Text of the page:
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Bertens vs Svitolina tennis live streaming, preview and predictions – Can Svitolina stay unbeaten to make her first WTA Finals Singapore semifinal?

Hannah Wilks in WTA Tour 26 Oct 2018
  • Elina Svitolina faces Kiki Bertens in the semifinals of the WTA Finals Singapore on Saturday
  • Svitolina vs Bertens is live from Singapore at 4pm local/9am BST
Kiki Bertens (Photo by Roslan RAHMAN / AFP)

After going 30-0 in the group stages, will Elina Svitolina’s unlikely but brilliant run at the WTA Finals Singapore take her past Kiki Bertens and into the final?


With a new champion guaranteed to be crowned at the WTA Finals Singapore and just four players remaining, the stakes are higher than ever as Elina Svitolina takes on Kiki Bertens in Saturday’s first semifinal.

None of the four players remaining – Svitolina, Bertens, Sloane Stephens and Karolina Pliskova – have ever made the final of the season-ending championships. Bertens and Stephens are both playing the tournament for the first time, and only Pliskova has been in the semifinals before. 

Moreover, all three of the reigning Grand Slam champions in the elite eight have been eliminated in the group stages. For the fourth year in a row, a new winner will be crowned.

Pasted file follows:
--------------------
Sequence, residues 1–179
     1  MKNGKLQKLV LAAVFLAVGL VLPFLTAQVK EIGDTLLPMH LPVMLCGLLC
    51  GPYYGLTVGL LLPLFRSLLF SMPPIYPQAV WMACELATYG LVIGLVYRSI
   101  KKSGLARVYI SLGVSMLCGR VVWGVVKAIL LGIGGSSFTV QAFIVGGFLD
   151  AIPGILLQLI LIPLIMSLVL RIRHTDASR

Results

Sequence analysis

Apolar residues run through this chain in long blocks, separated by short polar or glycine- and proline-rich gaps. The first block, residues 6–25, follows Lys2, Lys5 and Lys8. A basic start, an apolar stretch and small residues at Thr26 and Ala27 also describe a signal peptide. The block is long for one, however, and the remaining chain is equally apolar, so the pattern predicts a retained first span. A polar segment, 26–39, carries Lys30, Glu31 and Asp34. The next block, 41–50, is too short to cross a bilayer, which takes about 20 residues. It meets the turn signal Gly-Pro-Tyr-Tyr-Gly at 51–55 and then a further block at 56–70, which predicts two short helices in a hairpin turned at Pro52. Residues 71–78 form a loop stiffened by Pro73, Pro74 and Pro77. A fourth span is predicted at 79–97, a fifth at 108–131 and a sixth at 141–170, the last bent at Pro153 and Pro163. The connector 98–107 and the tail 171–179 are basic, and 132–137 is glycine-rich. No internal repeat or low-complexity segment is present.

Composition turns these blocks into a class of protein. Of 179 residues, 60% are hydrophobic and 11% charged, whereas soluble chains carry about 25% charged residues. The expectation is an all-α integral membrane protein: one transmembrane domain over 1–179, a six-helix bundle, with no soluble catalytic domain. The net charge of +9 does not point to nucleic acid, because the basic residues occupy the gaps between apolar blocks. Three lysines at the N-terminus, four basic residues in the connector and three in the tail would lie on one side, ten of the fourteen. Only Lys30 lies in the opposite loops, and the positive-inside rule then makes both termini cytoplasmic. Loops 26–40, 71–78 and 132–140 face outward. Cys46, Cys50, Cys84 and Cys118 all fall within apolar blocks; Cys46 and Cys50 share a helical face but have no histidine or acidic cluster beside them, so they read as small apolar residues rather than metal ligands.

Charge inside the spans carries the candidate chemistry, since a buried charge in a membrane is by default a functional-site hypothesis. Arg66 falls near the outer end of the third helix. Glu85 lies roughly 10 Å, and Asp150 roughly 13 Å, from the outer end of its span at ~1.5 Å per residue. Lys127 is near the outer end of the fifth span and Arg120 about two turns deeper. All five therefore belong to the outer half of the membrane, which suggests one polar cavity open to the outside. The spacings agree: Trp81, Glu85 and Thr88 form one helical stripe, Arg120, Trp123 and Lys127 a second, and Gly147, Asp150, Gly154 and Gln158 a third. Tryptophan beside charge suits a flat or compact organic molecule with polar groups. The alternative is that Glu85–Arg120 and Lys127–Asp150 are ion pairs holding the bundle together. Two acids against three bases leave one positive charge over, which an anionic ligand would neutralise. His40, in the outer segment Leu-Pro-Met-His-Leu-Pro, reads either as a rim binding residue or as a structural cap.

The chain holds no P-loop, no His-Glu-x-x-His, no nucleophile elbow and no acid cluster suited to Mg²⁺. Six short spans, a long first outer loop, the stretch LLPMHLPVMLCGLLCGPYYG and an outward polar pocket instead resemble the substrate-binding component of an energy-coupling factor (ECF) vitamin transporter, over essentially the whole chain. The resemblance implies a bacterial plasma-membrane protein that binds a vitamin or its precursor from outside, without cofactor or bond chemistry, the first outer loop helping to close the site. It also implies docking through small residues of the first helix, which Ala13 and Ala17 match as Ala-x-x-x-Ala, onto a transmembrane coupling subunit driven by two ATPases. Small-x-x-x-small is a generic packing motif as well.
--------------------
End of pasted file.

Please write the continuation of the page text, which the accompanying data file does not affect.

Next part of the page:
Elina Svitolina celebrates winning the second set against Caroline Wozniacki (Photo by Clive Brunskill/Getty Images)
Of the four players who have made the semifinals, Elina Svitolina is perhaps the unlikeliest. The world no. 7 made a great start to the year, picking up titles in Brisbane, Dubai and Rome from January to May – but her results dropped off dramatically in the second half of the season and she didn’t make a meaningful Grand Slam breakthrough, matching her best result at a major when she made the quarterfinals of the Australian Open but unable to go as far at any of the others. Her qualification for Singapore was last-minute and depended rather on other players failing to displace her, and she seemed physically compromised in Singapore, suffering a spell of light-headedness during a press conference.